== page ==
Lafayette’s Tour: America Welcomes The Nation’s Guest

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Landing of Gen. Lafayette at Castle Garden, New York, 16th August 1824, artist unknown, 1886. Public domain from The New York Public Library

The Cadmus, having departed from Havre on July 13, 1824, had been at sea for thirty-two days before seeing land on the horizon. On Saturday, August 14th, the passengers and crew spotted their destination.1 New York Harbor would present the ideal place to make their inaugural landing. The Cadmus would reach that port early the next morning.

The Committee appointed by the Common Council of the City of New York was busy putting the finishing touches on the celebration to welcome Lafayette. It had arranged for a “suite of splendid apartments in the City Hotel” to be set aside for The Nation’s Guest and his party. Besides the military display (anticipated to include 20,000 men), the City planned to host “a great civic feast, in the Banqueting Room in the City Hall, which will be illuminated at night, together with the whole City.” To make a memorable first impression upon entering the Harbor, “a grand salute of 100 guns will be fired from Fort Lafayette, together with salutes from the Batteries and ships of war in the harbor, and the decoration of all the shipping.”2

So, America’s largest city was more than prepared to host The Nation’s Guest. Only, not on Continue Reading “Lafayette’s Tour: America Welcomes The Nation’s Guest”

Lafayette’s Tour: And The Lucky Winner Is…

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The nation waited anxiously for a formal response to President James Monroe’s invitation to General Lafayette. In March and April of 1824, newspapers across the country printed letters hinting that Lafayette had prior commitments.

To Major Joseph Wheaton of Washington came word from Lafayette that “…duties to the cause of freedom make it, if not a matter of hope, at least a point of honor, to keep his present post.”1 Similarly, Lafayette wrote to Dr. James Thatcher, “At this moment a sense of duty keeps me on the European side of the Atlantic.”2

While the papers proclaimed these missives as “the latest communication from Lafayette,”3 they were months old by the time they hit the press. It wasn’t as if Lafayette disliked America. In truth, he loved his adopted country. He wrote his good friend William Eustis, Continue Reading “Lafayette’s Tour: And The Lucky Winner Is…”

Lafayette’s Tour: A Message From An Old Friend

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By February of 1824, the foreign press had finally revealed the extent of Lafayette’s legal troubles. He had already brought forth the wrath from the newly restored Bourbon monarchy.

In 1814, Napoleon was exiled to Elba. King Louis XVIII was restored to the crown his brother Louis XVI lost his head over during the French Revolution. Napoleon returned briefly in 1815, but quickly (after his defeat at Waterloo 100 days later) returned to exile, this time for good.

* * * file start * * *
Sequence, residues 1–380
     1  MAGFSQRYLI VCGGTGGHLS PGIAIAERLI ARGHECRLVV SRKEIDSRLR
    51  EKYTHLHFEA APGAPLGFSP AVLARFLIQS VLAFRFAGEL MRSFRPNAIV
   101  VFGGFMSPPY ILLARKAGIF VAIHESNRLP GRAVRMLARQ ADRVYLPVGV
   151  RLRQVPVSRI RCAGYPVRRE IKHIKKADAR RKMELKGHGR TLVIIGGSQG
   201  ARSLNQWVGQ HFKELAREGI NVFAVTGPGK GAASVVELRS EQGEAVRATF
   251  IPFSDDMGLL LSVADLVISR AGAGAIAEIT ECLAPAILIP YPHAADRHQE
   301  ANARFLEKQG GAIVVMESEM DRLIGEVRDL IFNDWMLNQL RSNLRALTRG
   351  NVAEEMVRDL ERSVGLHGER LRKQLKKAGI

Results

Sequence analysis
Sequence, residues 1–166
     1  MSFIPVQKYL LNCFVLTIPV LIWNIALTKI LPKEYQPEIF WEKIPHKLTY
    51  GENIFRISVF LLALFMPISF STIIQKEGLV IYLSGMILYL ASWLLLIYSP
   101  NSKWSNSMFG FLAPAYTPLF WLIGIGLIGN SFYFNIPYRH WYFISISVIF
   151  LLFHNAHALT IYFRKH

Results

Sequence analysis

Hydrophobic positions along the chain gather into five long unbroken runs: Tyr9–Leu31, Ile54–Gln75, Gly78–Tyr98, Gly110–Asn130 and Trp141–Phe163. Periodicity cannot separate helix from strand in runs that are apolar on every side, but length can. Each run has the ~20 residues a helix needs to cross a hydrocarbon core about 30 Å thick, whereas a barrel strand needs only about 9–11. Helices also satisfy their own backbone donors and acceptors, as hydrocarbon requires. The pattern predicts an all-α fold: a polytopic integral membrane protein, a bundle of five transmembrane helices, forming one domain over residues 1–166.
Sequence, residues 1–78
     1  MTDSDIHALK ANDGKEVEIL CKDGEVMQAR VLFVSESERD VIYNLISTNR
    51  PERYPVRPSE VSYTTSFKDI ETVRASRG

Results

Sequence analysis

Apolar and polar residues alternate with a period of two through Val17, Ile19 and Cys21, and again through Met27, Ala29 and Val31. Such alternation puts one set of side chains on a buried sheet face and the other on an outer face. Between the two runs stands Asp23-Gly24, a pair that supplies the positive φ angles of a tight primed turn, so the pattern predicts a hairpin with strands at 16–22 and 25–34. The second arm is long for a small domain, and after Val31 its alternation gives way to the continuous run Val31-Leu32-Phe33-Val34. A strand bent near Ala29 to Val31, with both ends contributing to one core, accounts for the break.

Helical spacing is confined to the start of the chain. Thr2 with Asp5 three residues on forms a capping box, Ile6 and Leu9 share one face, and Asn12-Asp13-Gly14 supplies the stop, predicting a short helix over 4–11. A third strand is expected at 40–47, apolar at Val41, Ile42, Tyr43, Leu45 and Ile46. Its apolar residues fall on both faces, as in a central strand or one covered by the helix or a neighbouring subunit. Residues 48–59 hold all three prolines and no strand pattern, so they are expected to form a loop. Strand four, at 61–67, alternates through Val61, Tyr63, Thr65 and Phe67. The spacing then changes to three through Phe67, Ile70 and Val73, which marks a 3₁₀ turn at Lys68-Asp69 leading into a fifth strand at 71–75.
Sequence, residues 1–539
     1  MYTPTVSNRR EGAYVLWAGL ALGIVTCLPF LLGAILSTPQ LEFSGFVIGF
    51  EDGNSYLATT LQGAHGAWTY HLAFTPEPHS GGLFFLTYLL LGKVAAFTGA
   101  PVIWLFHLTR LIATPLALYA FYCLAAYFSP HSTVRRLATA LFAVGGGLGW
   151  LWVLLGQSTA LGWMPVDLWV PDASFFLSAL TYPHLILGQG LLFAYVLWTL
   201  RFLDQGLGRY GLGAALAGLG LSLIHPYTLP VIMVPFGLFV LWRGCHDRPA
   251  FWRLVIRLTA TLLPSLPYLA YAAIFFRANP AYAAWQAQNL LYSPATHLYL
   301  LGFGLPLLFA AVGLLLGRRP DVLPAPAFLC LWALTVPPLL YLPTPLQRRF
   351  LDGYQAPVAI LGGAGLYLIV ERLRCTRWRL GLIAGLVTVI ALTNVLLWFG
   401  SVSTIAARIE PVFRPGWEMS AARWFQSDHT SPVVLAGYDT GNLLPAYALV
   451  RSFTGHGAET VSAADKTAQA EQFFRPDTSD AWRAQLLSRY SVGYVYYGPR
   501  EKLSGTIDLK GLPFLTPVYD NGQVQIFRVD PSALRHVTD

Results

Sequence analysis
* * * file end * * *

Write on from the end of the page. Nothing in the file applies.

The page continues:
With that, the Bourbon Restoration commenced in full bloom. Lafayette, who had remained dormant following his wife’s death, was convinced to return to politics. In 1818 he wasContinue Reading “Lafayette’s Tour: A Message From An Old Friend”

How Much Are You Willing to Pay to Have Free Speech?

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James McHenry was born in Ireland in 1753. His Scots-Irish family send him to America in 1771 after he became sick from studying too hard. He may also have been sent to check out the colonies in anticipation of the entire family’s eventual immigration. In fact, a year later, the McHenry clan settled in what were then (for only a few years more) the British Colonies.

McHenry finished his studies in Philadelphia before serving as an apprentice under Benjamin Rush. You may remember Rush as the doctor/patriot who signed the Declaration of Independence, the founder of Dickinson College and the mentor/teacher of both Meriwether Lewis (of Lewis & Clark fame) and future president William Henry Harrison.

Perhaps influenced by Rush, or maybe the whole Philadelphia experience, McHenry joined the cause of the patriots. After the British captured and then released him, McHenry served on the staffs of both George Washington and General Lafayette.

Two things about McHenry stand out in his long and illustrious career as a Founding Father. It’s likely you don’t know his connection to either.Continue Reading “How Much Are You Willing to Pay to Have Free Speech?”

The Day Lafayette Touched Mendon

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His full name was Marie-Joseph Paul Yves Roch Gilbert du Motier de La Fayette. For short, he’s called the Marquis de La Fayette. If that doesn’t speak “wealth,” then what doesn’t? At least in his native France.

In traditionally egalitarian America, we know him simply as “Lafayette.” Coming from a family with a strong military tradition, he came to the New World in 1777 at the age of 19. Seeing the American Revolution as a noble cause, he joined the patriots and was immediately commissioned as a major general.

The title reflected more a sign of respect than of actual duty, for he was given no troops to command. Lafayette understood in America, one isn’t born to status, one must earn it.